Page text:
I struggled though with the contrived plot device: a worldwide power blackout that somehow selectively wipes the memory of 7.7 billion people and the data banks of the entire Internet while sparing those – like Jack – who were unconscious at the time.

As with “About Time” (another fanciful script from Curtis), this was just too silly for me. And, while I was happy to see Ed Sheeran playing himself, the surprise appearance of another performer seemed a bit insensitive. 

As a rom-com, it is not up there with “Love Actually” and, as a jukebox movie, it does not have the punch of recent hits “Bohemian Rhapsody” or “Rocketman”. So a feel-good movie with plenty of humour and charm but ultimately over-hyped and under-performing. 

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Roger Darlington’s World is 20 years old today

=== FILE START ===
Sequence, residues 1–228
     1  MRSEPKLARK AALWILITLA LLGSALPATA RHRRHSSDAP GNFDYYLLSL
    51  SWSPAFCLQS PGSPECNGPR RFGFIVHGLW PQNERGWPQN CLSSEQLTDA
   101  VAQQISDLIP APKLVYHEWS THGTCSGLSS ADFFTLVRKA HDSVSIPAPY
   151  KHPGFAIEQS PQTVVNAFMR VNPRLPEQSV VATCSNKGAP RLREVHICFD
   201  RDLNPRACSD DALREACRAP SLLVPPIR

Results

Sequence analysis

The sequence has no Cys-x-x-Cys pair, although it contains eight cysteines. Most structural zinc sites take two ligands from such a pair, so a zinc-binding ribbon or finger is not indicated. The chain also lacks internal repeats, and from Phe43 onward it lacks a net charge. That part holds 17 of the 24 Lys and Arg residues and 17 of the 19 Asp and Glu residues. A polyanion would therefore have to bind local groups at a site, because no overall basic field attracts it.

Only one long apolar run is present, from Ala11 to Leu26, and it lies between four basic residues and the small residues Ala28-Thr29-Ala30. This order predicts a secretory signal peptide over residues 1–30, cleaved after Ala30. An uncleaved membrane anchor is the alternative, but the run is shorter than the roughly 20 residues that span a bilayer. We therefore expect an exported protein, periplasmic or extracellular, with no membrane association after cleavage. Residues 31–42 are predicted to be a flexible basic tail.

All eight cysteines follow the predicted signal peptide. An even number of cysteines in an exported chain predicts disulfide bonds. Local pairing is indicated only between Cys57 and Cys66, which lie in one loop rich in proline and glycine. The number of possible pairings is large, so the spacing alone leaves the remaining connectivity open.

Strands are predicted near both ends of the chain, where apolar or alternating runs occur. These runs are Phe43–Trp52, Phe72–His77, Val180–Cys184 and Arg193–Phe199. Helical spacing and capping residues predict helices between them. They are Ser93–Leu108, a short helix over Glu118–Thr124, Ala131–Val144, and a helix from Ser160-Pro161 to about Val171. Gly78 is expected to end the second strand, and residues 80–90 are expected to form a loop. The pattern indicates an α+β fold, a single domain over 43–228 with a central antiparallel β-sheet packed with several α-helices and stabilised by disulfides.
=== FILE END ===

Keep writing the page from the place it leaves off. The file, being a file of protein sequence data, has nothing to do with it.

July 2nd, 2019 by Roger Darlington

I suppose that, like most non-technical people, I first became aware of the Internet around 1995 when world-wide the number connected to the network doubled. Besides e-mail, for me the great benefit of the Internet was what we then called the World Wide Web (I was never interested in newsgroups or chat rooms or gaming). 

The more I used the web, the more I thought that I should like to generate my own content on my own site. Indeed I was convinced that soon most Internet users would want to have their own site and I’ve been surprised at how few people have a site.